Although nonsecreting suprarenal embryonic remnants are frequently found in the urogenital tract, adenomatous transformation resulting in glucocorticoid excess is a rare phenomenon. We report a case of a 63-yr-old woman that presented with new-onset hirsutism, facial plethora, hypertension, centripetal obesity, and a proximal myopathy. The 24-h urinary free cortisol excretion rate was elevated, and the serum ACTH level was suppressed. The patient failed an overnight and low dose dexamethasone suppression test and did not respond to CRH stimulation. In light of the undetectable baseline morning ACTH levels and the blunt response to CRH, the diagnosis of corticotropin-independent Cushing's syndrome was made. Imaging studies revealed normal adrenal glands and enlargement of a left pararenal nodule incidentally observed 4 yr before the onset of symptoms. Dramatic resolution of symptoms was observed after surgical removal of the 3.5-cm mass. Pathological exam confirmed adrenocortical adenoma in ectopic adrenal tissue. The case reported here represents the unusual circumstance in which the development of adenomatous transformation of ectopic adrenal tissue has been prospectively observed with imaging studies. It illustrates the importance of considering ectopic corticosteroid-secreting tumors in the context of corticotropin-independent Cushing's syndrome.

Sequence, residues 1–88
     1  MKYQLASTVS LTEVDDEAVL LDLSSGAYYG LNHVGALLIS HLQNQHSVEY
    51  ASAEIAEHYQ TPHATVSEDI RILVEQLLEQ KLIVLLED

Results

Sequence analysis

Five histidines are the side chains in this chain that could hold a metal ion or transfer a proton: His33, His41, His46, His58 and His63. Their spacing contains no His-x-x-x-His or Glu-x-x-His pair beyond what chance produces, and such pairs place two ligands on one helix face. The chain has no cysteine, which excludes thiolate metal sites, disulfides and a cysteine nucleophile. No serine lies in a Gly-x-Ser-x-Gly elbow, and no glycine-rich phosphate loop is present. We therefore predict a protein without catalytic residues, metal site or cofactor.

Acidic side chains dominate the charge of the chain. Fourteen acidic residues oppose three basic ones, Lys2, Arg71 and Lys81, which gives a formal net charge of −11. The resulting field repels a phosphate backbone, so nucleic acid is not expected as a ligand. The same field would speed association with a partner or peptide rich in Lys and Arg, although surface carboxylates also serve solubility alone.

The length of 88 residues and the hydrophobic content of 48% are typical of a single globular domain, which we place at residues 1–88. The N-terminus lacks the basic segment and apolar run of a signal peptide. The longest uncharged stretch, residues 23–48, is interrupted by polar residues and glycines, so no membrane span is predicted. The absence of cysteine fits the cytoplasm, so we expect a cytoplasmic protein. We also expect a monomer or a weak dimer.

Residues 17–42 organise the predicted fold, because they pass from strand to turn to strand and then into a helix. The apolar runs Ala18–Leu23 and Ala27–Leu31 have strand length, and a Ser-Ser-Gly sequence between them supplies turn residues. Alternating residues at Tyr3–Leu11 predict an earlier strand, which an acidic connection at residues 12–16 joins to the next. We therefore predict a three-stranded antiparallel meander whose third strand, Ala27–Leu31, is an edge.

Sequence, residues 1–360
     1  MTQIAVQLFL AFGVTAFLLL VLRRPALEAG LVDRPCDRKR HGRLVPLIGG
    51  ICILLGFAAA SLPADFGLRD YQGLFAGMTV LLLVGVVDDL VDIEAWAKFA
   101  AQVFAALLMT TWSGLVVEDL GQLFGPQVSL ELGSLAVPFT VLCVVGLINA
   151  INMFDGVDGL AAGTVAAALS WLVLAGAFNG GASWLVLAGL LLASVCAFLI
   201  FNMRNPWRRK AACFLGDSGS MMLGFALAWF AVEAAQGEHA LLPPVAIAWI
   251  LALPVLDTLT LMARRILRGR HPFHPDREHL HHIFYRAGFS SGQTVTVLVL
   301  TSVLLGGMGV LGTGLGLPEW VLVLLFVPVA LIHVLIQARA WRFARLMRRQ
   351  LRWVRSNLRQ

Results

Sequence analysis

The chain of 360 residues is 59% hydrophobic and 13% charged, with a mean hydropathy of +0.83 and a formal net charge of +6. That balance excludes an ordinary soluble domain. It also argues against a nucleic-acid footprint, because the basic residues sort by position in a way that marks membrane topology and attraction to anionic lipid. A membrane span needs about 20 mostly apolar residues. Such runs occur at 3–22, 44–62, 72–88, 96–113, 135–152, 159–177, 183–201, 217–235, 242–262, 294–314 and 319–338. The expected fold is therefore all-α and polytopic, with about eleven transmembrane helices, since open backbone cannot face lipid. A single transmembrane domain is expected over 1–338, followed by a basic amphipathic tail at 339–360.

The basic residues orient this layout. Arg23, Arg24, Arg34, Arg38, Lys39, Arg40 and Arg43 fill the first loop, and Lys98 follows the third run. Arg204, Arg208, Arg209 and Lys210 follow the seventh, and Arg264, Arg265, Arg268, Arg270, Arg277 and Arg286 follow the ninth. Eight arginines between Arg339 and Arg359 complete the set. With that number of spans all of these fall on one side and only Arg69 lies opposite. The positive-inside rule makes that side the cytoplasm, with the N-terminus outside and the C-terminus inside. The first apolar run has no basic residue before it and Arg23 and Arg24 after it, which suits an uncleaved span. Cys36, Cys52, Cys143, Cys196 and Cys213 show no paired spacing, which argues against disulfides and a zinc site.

ASJC Scopus subject areas
- Endocrinology, Diabetes and Metabolism
- Clinical Biochemistry
- Biochemistry, medical